Oakland Raiders: Looking at the pros and cons of dealing Khalil Mack

OAKLAND, CA - DECEMBER 04: Khalil Mack
OAKLAND, CA - DECEMBER 04: Khalil Mack /
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Oakland Raiders
OAKLAND, CA – SEPTEMBER 13: Khalil Mack #52 of the Oakland Raiders looks on during the second half of their NFL game against the Cincinnati Bengals at O.co Coliseum on September 13, 2015 in Oakland, California. (Photo by Thearon W. Henderson/Getty Images) /

Pro: Money and Flexibility

All summer, we had been operating under the assumption that Von Miller‘s deal with Denver (six-years, $114 million, $70 million guaranteed) was the baseline for a new deal to get done for Mack.

As the months dragged on with no progress though, the talks between defensive star Aaron Donald and the Rams also dragged on – and then started to heat up. As those talks progressed, we got the sense that it was going to be an earth-shattering deal.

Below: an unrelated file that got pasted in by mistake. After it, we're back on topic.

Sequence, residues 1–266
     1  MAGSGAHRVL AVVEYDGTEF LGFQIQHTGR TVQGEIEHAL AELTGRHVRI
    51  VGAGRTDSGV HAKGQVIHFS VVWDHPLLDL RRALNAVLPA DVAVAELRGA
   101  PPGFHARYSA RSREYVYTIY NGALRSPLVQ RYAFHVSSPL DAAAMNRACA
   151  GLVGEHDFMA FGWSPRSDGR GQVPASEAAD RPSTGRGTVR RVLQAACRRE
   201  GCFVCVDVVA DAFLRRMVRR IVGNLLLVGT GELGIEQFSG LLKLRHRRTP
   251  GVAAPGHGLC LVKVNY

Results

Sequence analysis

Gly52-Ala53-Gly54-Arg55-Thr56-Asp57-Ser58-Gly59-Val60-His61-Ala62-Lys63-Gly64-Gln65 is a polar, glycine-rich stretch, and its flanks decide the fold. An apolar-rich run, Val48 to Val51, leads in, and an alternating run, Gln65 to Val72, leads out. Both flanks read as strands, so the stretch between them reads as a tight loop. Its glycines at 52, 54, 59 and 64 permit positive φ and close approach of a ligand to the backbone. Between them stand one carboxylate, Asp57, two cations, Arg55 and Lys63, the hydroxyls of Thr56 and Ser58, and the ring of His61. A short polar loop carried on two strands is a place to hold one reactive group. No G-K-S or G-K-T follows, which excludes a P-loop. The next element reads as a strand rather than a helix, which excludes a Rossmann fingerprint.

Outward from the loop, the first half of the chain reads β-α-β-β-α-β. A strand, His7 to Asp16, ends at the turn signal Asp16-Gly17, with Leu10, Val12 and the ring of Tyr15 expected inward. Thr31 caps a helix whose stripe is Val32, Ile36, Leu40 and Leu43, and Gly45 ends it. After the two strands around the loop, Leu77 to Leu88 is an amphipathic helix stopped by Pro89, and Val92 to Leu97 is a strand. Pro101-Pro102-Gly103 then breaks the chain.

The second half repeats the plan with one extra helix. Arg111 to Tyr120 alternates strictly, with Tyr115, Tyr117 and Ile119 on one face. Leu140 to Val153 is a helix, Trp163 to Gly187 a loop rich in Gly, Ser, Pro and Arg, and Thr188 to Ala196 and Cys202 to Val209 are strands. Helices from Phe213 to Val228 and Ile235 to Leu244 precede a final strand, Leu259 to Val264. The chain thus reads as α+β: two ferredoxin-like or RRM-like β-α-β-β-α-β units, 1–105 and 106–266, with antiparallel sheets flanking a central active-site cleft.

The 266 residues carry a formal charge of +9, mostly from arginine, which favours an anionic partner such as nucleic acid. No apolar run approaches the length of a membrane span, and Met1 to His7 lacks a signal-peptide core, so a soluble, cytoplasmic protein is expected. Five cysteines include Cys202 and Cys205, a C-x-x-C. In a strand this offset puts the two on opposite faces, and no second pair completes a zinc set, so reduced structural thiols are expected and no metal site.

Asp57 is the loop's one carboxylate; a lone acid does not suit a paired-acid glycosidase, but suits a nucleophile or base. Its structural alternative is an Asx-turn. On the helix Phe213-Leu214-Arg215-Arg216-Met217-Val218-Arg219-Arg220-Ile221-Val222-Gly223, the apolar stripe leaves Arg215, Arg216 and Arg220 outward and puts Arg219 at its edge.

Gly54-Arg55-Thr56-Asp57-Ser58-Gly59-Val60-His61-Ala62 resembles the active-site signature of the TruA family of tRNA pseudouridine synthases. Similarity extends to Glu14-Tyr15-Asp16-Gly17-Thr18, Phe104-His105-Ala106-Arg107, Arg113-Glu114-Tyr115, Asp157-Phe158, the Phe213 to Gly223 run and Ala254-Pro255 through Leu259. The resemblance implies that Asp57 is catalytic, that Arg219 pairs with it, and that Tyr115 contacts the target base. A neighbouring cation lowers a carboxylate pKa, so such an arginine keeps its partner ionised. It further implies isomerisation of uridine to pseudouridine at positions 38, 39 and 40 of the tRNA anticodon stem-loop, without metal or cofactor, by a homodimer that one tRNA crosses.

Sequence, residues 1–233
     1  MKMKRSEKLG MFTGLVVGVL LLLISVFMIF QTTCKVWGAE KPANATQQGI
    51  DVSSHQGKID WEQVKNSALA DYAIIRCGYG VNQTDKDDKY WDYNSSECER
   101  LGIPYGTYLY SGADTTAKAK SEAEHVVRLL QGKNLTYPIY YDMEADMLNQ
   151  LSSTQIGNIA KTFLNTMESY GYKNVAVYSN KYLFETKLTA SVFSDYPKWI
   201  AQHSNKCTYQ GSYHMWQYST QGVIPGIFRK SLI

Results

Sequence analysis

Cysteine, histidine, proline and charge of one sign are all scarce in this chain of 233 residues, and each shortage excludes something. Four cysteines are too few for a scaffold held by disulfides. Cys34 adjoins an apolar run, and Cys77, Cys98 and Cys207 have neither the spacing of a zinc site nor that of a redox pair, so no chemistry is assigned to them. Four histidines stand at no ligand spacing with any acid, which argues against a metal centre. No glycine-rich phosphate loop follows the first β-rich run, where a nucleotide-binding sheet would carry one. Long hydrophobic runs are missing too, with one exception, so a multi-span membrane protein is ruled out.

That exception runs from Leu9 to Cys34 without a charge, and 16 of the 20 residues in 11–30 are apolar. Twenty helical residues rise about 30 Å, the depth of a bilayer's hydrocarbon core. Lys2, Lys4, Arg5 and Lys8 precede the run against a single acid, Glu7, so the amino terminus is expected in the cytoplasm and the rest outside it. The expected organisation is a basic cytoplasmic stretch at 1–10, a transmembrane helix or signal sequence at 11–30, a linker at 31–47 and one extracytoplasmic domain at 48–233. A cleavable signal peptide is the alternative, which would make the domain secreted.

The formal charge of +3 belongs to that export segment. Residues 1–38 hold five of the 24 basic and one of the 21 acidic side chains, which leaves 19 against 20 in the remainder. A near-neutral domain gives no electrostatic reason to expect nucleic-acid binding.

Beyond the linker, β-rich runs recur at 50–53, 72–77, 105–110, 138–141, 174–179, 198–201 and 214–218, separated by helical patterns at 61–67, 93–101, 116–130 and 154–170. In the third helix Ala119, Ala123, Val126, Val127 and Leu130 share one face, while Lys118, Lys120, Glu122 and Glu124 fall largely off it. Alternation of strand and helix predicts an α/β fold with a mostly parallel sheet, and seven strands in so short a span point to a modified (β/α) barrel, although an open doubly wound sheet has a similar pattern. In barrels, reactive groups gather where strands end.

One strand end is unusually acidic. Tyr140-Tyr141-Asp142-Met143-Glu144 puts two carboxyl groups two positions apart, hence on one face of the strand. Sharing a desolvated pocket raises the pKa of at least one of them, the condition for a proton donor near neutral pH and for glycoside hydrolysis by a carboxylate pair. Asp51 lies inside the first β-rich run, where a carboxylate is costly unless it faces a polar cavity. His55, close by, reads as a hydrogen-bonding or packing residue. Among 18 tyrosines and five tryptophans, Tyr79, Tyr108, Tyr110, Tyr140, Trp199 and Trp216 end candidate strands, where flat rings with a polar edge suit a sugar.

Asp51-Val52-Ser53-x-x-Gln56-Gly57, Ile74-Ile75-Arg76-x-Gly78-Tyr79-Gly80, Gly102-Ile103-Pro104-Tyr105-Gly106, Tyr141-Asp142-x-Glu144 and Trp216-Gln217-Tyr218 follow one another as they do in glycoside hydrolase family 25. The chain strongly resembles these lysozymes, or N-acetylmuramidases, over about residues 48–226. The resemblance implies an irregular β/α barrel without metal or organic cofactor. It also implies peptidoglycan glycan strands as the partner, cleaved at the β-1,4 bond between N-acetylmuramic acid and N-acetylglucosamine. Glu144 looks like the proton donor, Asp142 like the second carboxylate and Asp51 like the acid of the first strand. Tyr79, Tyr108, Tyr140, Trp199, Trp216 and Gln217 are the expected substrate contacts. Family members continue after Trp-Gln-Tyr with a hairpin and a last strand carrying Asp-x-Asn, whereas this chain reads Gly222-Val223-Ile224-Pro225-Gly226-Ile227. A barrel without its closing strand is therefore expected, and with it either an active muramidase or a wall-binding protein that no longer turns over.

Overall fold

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And it was – six years, $134 million, with $87 million in guaranteed money – an annual salary of $22 million.

Given that the team was hesitating to eclipse Miller’s $19 million in annual salary, as well as the guaranteed cash, you had to know they’d balk at the new, much higher deal Donald just inked. In fact, we think we heard that somewhere before…

Anyway, it’s understandable that Gruden and McKenzie might hesitate to commit almost a full quarter of the team’s salary cap to just two players in Mack and quarterback Derek Carr – and given the rate quarterbacks are getting paid these days, Carr’s contract suddenly looks like a deal.

Gruden is obviously of the mindset that you can’t overcommit too much money to too few players when you’re trying to construct a competitive roster. You have to have the money to pay guys who can play, and play well.

And with a number of the free agents he brought in this offseason who, if they pan out the way the team hopes – like, say, cornerback Rashaan Melvin – those guys will need to be paid. Throwing that much money at just two players, limits your flexibility to spend to shore up other problem areas.

By trading Mack, the team will save roughly $22 or $23 million a season they can use to construct a competitive roster.

It’s a cold, calculated business-only decision, but it all comes down to having the flexibility to construct a competitive roster.